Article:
(a)(1) "Insurance contract" means any agreement or other transaction whereby one party, the "insurer", is obligated to confer benefit of pecuniary value upon another party, the "insured" or "beneficiary", dependent upon the happening of a fortuitous event in which the insured or beneficiary has, or is expected to have at the time of such happening, a material interest which will be adversely affected by the happening of such event.

(2) "Fortuitous event" means any occurrence or failure to occur which is, or is assumed by the parties to be, to a substantial extent beyond the control of either party.

(3) "Contract of warranty, guaranty or suretyship" means an insurance contract only if made by a warrantor, guarantor or surety who or which, as such, is doing an insurance business.

(b)(1) Except as provided in paragraph two, three or three-a of this subsection, any of the following acts in this state, effected by mail from outside this state or otherwise, by any person, firm, association, corporation or joint-stock company shall constitute doing an insurance business in this state and shall constitute doing business in the state within the meaning of section three hundred two of the civil practice law and rules.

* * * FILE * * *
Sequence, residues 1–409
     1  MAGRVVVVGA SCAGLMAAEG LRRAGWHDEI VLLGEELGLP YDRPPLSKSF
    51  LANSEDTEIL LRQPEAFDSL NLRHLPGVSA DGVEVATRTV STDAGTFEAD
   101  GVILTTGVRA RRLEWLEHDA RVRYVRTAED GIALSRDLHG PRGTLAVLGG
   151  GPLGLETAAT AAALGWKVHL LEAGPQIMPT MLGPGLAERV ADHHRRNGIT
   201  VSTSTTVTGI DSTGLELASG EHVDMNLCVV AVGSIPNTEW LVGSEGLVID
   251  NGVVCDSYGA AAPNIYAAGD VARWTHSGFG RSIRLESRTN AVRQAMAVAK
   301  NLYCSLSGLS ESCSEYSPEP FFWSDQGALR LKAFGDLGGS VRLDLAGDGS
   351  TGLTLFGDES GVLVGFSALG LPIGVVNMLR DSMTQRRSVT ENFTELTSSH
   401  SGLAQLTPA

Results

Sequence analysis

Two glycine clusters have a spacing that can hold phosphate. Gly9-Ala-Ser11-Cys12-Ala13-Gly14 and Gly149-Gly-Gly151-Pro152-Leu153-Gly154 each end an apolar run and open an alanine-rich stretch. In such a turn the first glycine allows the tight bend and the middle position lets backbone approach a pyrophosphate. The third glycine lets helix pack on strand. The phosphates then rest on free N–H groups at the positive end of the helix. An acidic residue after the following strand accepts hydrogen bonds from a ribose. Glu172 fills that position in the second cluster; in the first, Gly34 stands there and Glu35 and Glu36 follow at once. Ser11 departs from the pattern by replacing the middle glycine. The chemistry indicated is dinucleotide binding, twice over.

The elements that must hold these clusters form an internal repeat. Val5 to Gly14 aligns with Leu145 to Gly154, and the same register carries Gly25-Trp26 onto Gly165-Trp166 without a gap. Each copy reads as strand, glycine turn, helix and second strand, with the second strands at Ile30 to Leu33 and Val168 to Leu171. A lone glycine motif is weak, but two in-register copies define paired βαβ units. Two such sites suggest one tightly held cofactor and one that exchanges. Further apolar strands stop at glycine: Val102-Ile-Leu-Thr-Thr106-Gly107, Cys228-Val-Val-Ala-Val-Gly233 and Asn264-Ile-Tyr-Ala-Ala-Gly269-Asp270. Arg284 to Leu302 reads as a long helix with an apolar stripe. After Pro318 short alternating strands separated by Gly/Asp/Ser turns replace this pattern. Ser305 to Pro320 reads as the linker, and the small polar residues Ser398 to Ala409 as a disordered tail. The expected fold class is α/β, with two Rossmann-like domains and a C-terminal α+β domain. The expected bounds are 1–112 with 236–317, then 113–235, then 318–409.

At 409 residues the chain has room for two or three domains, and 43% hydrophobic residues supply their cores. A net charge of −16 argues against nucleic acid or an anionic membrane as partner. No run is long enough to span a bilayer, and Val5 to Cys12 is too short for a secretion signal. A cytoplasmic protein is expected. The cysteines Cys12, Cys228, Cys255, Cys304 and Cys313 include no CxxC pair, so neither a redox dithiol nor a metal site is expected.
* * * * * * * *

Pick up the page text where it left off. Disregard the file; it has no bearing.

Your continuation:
(A) making, or proposing to make, as insurer, any insurance contract, including either issuance or delivery of a policy or contract of insurance to a resident of this state or to any firm, association, or corporation authorized to do business herein, or solicitation of applications for any such policies or contracts;

(B) making, or proposing to make, as warrantor, guarantor or surety, any contract of warranty, guaranty or suretyship as a vocation and not as merely incidental to any other legitimate business or activity of the warrantor, guarantor or surety…

While the Insurance Law does not define "warranty", in general, a warranty relates in some way to the nature or efficiency of a product or service. Commonly, the warrantor agrees to repair or replace a product that fails to perform properly, such as a contract covering a defect in materials or workmanship, or a contract otherwise covering the breakdown of the product. Ollendorf Watch Co., Inc. v. Pink, 279 N.Y. 32, 17 N.E.2d 675 (1938).

A "service contract" is defined, in pertinent part, in N.Y. Ins. Law § 7902(k) (McKinney 2000) to mean:

a contract or agreement, for a separate or additional consideration, for a specific duration, to perform the repair, replacement or maintenance of property due to a defect in materials or workmanship or wear or tear, with or without additional provision for indemnity payments for incidental damages, provided any such indemnity payment per incident shall not exceed the purchase price of the property serviced. Service contracts may include towing, rental and emergency road service . . .